Ok, that could be said about every free operating system. The thing that makes me pick Linux from other open OSes is it’s popularity and availability. In fact, Linux is the most developed free operating system. Of course there are other good OSes like FreeBSD or OpenSolaris, but these are popular for servers, on desktop there is no good hardware support. Linux works on almost every architecture and supports most of hardwares. It has support (not big but always something) from hardware manufacturers like Intel or Nvidia. It runs on servers, desktop computers, laptops, mobile devices and many other devices. Linux make use of every processor if it’s possible. That’s why it is good candidate to make some kind of standard out of it. Worth to say is that Linux is compatible with other POSIX compliant operating systems so usually it’s very easy to port programs from Linux to other free OSes and vice versa.

Finally, the thing that concerns end users. Sometimes you may hear phrases like “this will be year of Linux on desktops”. Actually Linux has reached the level when it runs really well on popular desktop computers and laptops. It runs well and offers plenty of nice features for everybody, from programming tools through office programs to multimedia players. Beside this Linux distributions have great software package managers like APT in Debian or Ubuntu. After some time of using that tools you never want to go back to Windows style messy installers.  Linux is chasing Windows with useful software and often offers even better features. Everyday more software producers consider writing for this platform. The only thing that is needed to make it the finest operating system is popularity. So start to use it and show your friends how cool it can be :).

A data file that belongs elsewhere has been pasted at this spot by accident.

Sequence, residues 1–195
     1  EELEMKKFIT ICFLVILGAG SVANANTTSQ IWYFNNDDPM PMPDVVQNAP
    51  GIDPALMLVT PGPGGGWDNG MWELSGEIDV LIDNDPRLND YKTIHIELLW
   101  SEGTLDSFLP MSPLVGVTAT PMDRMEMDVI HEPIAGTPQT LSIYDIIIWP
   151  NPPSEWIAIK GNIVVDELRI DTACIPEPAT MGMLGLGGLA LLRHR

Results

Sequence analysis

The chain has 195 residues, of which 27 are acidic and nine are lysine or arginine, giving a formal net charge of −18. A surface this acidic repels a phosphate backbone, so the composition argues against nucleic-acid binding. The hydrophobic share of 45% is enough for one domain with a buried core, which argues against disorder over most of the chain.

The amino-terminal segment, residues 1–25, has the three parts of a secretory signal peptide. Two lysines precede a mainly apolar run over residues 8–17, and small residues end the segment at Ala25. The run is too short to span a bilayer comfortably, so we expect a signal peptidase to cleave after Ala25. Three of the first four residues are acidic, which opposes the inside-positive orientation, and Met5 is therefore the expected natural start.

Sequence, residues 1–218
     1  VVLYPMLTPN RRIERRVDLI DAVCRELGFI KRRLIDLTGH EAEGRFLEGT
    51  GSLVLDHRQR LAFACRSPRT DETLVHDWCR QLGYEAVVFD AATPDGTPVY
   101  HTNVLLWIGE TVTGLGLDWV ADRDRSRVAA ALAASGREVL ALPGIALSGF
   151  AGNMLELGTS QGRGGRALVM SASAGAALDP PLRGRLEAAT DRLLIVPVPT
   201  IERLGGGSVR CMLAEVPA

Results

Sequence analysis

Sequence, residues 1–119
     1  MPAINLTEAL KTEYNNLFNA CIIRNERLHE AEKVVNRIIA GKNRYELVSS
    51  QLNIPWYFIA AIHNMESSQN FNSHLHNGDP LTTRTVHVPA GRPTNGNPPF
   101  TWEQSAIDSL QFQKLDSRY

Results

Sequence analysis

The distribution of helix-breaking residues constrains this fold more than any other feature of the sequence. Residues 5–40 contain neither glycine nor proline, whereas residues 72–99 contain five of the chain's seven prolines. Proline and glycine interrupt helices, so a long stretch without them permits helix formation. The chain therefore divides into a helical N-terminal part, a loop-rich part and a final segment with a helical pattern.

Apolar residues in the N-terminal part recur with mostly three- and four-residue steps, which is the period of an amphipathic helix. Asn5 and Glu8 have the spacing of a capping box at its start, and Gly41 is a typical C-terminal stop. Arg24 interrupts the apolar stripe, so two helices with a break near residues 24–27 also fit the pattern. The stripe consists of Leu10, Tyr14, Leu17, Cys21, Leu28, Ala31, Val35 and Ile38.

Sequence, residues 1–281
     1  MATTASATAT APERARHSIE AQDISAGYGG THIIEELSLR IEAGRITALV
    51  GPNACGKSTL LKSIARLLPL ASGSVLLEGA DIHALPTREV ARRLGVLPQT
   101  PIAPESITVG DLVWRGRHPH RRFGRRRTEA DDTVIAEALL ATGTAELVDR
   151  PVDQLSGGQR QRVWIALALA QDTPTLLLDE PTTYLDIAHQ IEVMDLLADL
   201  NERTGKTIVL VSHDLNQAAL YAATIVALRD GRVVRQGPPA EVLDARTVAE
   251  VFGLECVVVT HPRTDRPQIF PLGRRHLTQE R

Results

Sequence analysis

I had a dream

Imagine how nice it could be if Linux was not only very popular on desktops so you have all useful programs like Photoshop on it but also was used as a gaming platform.  Open platforms works in this way that companies which are developing for it and using it are also building parts of the OS. So if open platform like Linux would be the most popular platform then it would be developed not only by one company like Microsoft but by all software and hardware producers. I don’t mean that everybody will give software for free. No, developers have to earn on their software but it is their interest to make the OS a bit better every the time.

Posted on June 24, 2009 at 10:39 pm by Lubiluk · Permalink · Leave a comment
In: Uncategorized · Tagged with: 

Hello world!

I think the default wordpress title for this post is just fine.

Here I start this blog. I will write here some of my cogitations, tutorials and whatever will come to my mind to write here. Articles will cover software development and other subjects connected with computer science.

I hope you’ll find this useful. Comments and feedback would be appreciated.

Posted on June 11, 2009 at 1:55 am by Lubiluk · Permalink · Leave a comment
In: Uncategorized